PayPal Scam Awareness:
A resident of Laramie received a suspicious email from a Gmail address (of random letters) with an attachment from someone posing as "PayPal." Although this citizen rightfully refused to open it, in the preview, it appeared to be a bill stating, "you’ve sent a payment of $420.50 USD to Coinbase Inc." The email stated, "Thank you for your order Verify follow Your order is going astonishing." CyberWyoming Note: Verify sender details and refrain from opening attachments or clicking links if the source seems dubious. In instances like these, confirming the legitimacy of unexpected bills or payment requests can help prevent potential cyber threats and safeguard your personal information.
Security researchers at Blackwing Intelligence identified vulnerabilities in widely-used laptop fingerprint sensors from Dell, Lenovo, and Microsoft, allowing bypass of Windows Hello fingerprint authentication. These flaws could enable unauthorized access through complex attacks. Microsoft's push for password-less authentication faces risks due to these security gaps. The researchers urge device manufacturers to ensure Secure Device Connection Protocol (SDCP) is enabled and to conduct expert audits on fingerprint sensor implementations. Blackwing Intelligence is also exploring attacks on sensor firmware and assessing fingerprint sensor security on various platforms. – Brought to you by The Verge
Hackers are increasingly targeting small businesses:
Secure the Village (https://securethevillage.org/) is warning that small organizations are being threatened by cybercrime. Here’s an example:
Hackers are increasingly hiding within services such as Slack and Trello to deploy malware: A new analysis unpacks a wide array of malware abusing legitimate internet services and what defenders should do to stop it. … Criminal hackers have always abused legitimate web services such as Gmail and Facebook to do their bidding, but increasingly they are finding new ways of blending into popular applications to avoid detection and find unsuspecting victims.
FTC Warning about Business Coach Scams:
If you are a small business owner and are considering a business coaching program, consider these tips.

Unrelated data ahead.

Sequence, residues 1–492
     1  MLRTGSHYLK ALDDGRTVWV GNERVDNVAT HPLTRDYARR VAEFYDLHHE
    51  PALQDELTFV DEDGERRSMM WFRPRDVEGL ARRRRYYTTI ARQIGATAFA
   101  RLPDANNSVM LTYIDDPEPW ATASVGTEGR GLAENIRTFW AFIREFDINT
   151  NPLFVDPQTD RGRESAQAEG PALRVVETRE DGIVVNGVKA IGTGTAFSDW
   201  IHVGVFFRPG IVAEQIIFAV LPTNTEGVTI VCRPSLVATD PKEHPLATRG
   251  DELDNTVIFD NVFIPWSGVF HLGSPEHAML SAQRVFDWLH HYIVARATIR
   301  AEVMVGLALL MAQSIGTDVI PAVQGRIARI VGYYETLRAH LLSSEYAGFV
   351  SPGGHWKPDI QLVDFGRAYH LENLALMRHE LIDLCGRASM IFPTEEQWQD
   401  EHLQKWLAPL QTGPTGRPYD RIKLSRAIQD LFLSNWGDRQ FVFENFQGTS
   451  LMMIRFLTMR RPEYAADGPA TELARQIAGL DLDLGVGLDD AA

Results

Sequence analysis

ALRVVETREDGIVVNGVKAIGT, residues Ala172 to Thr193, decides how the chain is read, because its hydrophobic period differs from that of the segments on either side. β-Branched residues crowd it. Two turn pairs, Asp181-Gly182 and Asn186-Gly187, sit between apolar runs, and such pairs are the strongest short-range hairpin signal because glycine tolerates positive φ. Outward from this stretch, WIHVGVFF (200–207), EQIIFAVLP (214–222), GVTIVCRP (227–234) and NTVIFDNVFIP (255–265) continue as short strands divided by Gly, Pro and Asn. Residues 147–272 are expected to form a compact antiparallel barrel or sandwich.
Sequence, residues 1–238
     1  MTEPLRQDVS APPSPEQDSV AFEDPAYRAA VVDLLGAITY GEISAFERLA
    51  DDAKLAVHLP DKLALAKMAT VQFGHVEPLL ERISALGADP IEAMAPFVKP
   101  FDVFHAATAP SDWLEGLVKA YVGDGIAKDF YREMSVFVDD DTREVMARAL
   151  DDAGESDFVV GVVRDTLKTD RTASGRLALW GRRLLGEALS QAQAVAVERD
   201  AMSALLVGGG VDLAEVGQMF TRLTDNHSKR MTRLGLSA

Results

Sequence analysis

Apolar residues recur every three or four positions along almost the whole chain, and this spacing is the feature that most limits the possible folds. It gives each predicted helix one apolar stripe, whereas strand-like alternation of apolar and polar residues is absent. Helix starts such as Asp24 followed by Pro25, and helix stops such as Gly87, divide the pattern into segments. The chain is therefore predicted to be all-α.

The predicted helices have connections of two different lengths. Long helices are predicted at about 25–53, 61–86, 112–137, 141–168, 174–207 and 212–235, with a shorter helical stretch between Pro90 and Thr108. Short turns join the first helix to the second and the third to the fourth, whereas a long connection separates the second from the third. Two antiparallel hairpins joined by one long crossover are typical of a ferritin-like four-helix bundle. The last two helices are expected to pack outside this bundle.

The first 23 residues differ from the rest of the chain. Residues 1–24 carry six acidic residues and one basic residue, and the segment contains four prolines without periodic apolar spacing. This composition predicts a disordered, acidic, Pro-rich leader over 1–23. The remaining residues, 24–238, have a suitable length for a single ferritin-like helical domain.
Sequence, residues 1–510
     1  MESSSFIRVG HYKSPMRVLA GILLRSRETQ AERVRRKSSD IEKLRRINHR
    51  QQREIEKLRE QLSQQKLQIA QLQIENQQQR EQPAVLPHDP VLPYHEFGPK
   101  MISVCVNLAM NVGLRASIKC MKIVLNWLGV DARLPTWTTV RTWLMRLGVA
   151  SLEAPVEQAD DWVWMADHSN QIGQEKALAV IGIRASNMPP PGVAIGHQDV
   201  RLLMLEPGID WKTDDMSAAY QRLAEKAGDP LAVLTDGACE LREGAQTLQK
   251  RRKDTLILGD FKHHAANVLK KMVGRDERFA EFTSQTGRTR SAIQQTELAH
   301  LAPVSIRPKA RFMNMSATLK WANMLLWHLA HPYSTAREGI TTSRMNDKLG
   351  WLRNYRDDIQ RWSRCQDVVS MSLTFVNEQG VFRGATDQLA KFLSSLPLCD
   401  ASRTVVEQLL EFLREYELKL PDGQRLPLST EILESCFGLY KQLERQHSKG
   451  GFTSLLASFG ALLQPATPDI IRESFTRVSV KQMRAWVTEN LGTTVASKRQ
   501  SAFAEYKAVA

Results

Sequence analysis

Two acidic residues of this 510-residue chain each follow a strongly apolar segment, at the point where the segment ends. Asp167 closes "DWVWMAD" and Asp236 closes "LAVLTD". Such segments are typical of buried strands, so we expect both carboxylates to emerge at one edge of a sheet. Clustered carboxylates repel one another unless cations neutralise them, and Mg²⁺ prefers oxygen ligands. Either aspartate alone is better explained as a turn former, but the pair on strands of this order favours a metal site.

- Be wary of promises that you’ll make quick money. No one can guarantee you’ll make lots of money with little to no risk. Anyone who does is a scammer.
- Take your time and talk to someone you trust. Scammers will pressure you to get involved now or “risk losing out.” Get a second opinion about the business offer or coaching program from someone who has your best interests in mind.
- Read success stories and testimonials with skepticism. They might not be true or typical. Glowing stories of success could be fake or misleading, and positive online reviews may have come from made-up profiles
– Brought to you by the Federal Trade Commission (FTC)
There’s a warrant out because you skipped jury duty:
People are being targeted by phone call, email, and messaging scams threatening them with prosecution for failing to comply with jury service. In the communications, recipients are pressured to provide confidential data, potentially leading to identity theft and fraud. The scammers threaten recipients with fines and jail time if they do not comply. These communications are fraudulent and are not connected with the federal or state courts. Persons receiving such a telephone call or email should not provide the requested information and should immediately notify the Clerk’s office in their area.
- Courts do not require anyone to provide any sensitive information in a telephone call or email.
- Most contact between a court and a prospective juror will be through the U.S. mail, and any phone or email contact by real court officials will not include requests for any sensitive information.
- Jury duty is a vital civic responsibility and should be taken seriously by all citizens. However, it is a crime for anyone to falsely represent themselves as a federal court official.
– Brought to you by the U.S. Courts
MS-ISAC and CISA Patch Now Alert:
The Multi-State Information Sharing and Analysis Center (MS-ISAC) or the Cybersecurity & Infrastructure Security Agency (CISA) has published a patch now (update your software) alert for Fortinet FortiSIEM, Google Chrome, Adobe products, Microsoft products, WordPress’s Elementor Plug-in, and Mozilla products. If you use these products, make sure the software (or firmware) is updated.
Data Breaches in the News:
MOVEit, Kronos, Microsoft, Welltok, and General Electric.
Note: If you have an account with one of these companies, be sure to change your password and consider placing a credit freeze on your accounts through the three credit reporting agencies: TransUnion, Experian, and Equifax.
Please report scams you may experience to [email protected] to alert your friends and neighbors.
Other ways to report a scam:
- Better Business Bureau Scam Tracker: bbb.org/scamtracker/us/reportscam
- Wyoming Attorney General’s Office, Consumer Protection 307-777-6397, 800-438-5799 or [email protected]
- File a complaint with the Federal Trade Commission at reportfraud.ftc.gov
- Report your scam to the FBI at www.ic3.gov/complaint
- Reported unwanted calls to the Federal Trade Commission’s Do Not Call Registration. Online at donotcall.gov/report.html or call 1-888-382-1222, option 3
- Office of the Inspector General: oig.ssa.gov
- AARP Fraud Watch Network (any age welcome) Helpline 877-908-3360
- IRS: report email scams impersonating the IRS to [email protected]
- Call the Wyoming Senior Medicare Patrol (SMP) for assistance with potential Medicare fraud, abuse, or errors at 1 800 856-4398
- Victim Support: The AARP Fraud Watch Network and Volunteers of America (VOA) created a new, free program to provide emotional support for people impacted by a scam or fraud, called ReST. Visit www.aarp.org/fraudsupport to learn more about the free program and register